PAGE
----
GBS infection acquired from the colonized birth canal during labor or after membrane rupture can lead to miscarriage, stillbirth, prematurity or invasive neonatal disease [11] Early-onset GBS infections are strongly linked to maternal colonization, while only a fraction of late-onset disease in infants have a similar association [11,18]. Vaginal colonization with GBS is acquired from the gastrointestinal tract and a large proportion of healthy adults are reportedly colonized [19]. Colonized women are typically asymptomatic, and urinary tract infections with GBS, may also have few associated clinical symptoms [20-22]. In the absence of intrapartum antibiotic prophylaxis, exposure of the term newborn to the colonized mother infrequently causes infection and leads to asymptomatic neonatal colonization without infection in approximately 75% of exposed infants [18]. The neonatal attack rate of GBS infection through this vertical transmission ranges from 1-2/1000 live births.. In the 1980’s, Boyer and Gotoff determined that women colonized with GBS in the presence of other risk factors (BW < 2.5 kg, ruptured membranes > 18 hours, intrapartum fever) versus women who were GBS culture negative prior to delivery were 24 times more likely to have neonates with EOS due to GBS [23]. Maternal GBS bacteruria has been associated with a high risk for neonatal EOS [20].

Neonatal risk for invasive GBS disease: host immunologic factors

Neonates as a group are at risk for infections, and this is particularly so in preterm neonates (reviewed in [24-26]). When compared to older children and adults, neonates have an intrinsic limitation in their capacity to produce neutrophils and a subsequent susceptibility to exhaustion of marrow reserves during times of increased utilization, such as sepsis [27,28]. In addition, those neutrophils that are produced have impairments of numerous functions important to the clearance of microbes, including marrow egress, adhesion to the microvascular endothelium, chemotaxis, and bactericidal function [24,28-36]. Perhaps as a compensatory mechanism, neonatal neutrophils have a prolonged functional life-span, which can potentially delay their clearance and prolong inflammatory and cytotoxic processes [37-39]. Relative deficiencies in circulating levels of GBS-specific antibody and complement in the context of neutrophil dysfunction heighten the neonatal susceptibility to GBS infection [24,40-51]. Furthermore, studies have also shown that vernix caseosa, which is sparse in the preterm infant, contains proteins important to host defense functions, including antimicrobial peptides, and factors that promote opsonization and inhibit protease activity [52].

Neonatal risk for invasive GBS disease: bacterial virulence factors

Capsular polysaccharides (CPS) expressed by GBS and identified by serotyping, assist bacterial evasion of host defense by interfering with their ingestion by phagocytes. More virulent strains of encapsulated GBS can produce increased amounts of polysaccharide. Lancefield was the first to serotype GBS, and she identified the prominence of serotype III in neonatal meningitis, subsequently confirmed by others[6,53,54]. GBS express nine (and possibly ten) unique serotypes, and the majority of invasive neonatal GBS disease in the United States has been associated with types Ia, II, III and a more recent prevalence of type V (reviewed in [55]).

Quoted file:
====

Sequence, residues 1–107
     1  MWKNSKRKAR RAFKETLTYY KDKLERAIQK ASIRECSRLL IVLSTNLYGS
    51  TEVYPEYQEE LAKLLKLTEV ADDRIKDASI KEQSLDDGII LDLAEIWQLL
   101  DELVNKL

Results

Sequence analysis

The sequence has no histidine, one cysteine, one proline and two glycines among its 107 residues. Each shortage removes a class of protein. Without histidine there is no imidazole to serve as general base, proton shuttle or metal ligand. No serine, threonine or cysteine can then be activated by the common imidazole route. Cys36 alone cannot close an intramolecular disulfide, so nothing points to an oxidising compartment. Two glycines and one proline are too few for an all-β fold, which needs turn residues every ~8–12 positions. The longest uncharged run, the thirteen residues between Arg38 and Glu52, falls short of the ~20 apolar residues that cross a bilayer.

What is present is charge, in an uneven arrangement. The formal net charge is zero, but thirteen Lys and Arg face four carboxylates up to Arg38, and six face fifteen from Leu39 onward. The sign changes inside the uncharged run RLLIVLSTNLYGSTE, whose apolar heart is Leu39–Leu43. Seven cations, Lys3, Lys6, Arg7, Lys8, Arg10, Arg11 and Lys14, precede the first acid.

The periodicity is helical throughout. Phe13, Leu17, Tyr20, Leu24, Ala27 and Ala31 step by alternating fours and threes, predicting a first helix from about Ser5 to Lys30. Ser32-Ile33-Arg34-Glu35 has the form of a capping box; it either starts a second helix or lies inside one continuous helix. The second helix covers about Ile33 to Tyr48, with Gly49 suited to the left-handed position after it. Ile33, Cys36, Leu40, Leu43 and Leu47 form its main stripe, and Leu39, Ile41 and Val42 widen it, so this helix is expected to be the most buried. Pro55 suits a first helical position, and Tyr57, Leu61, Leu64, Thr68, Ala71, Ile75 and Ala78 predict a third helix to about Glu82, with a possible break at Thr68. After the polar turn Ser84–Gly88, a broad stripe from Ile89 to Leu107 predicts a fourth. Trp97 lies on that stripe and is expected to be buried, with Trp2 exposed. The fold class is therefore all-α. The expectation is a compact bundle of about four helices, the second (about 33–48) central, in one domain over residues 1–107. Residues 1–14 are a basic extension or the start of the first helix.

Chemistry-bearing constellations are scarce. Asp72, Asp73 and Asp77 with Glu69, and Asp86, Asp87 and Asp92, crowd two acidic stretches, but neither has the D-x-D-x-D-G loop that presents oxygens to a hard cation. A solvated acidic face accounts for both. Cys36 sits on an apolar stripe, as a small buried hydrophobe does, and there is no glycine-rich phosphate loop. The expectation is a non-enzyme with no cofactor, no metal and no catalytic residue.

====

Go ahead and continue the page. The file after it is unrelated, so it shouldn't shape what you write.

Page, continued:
Another important virulence factor of GBS is related to its ability to attach to the vascular endothelium and epithelium, particularly of the vaginal tissue and chorionic membranes as well as the neonatal lungs, and which is a prerequisite for invasiveness and disease [56]. The more virulent, invasive strains of GBS have been found to have a greater capacity for adherence, and this has been particularly evident in studies of serotype III GBS [55-57]) Environmental factors, including ambient oxygen concentration, may contribute to bacterial adherence as well [58]. Additional virulence factors have been reviewed [59].

Neonatal early-onset infection and GBS

Neonatal early-onset sepsis (EOS) is an infection occurring in the first week of life in term infants and in the first 72 hours of life in very low birth weight (VLBW) neonates [60]. This gestational age-adjusted difference in the definition of EOS accounts for the higher acquisition of nosocomial organisms as causative agents of sepsis in VLBW after three days of hospitalization. Gram-positive bacteria were the most commonly identified causative organisms of neonatal sepsis in the early part of the twentieth century (reviewed in [11]). Lancefield and Hare identified GBS as a contributing factor in often-fatal puerperal and neonatal sepsis in the 1930’s [6]. In the 1970’s, GBS became the most common etiologic agent of EOS, whereas gram-negative organisms had been the most common causes of EOS in the early antibiotic era. Prior to the era of maternal prophylaxis, GBS had a reported national incidence of approximately 2 per 1000 live births and was associated with a 50% mortality rate in affected neonates [18,61]. Over the past decade the approaches to maternal prophylaxis has resulted in a remarkable drop in incidence to its current rate of 0.3/1000 [62].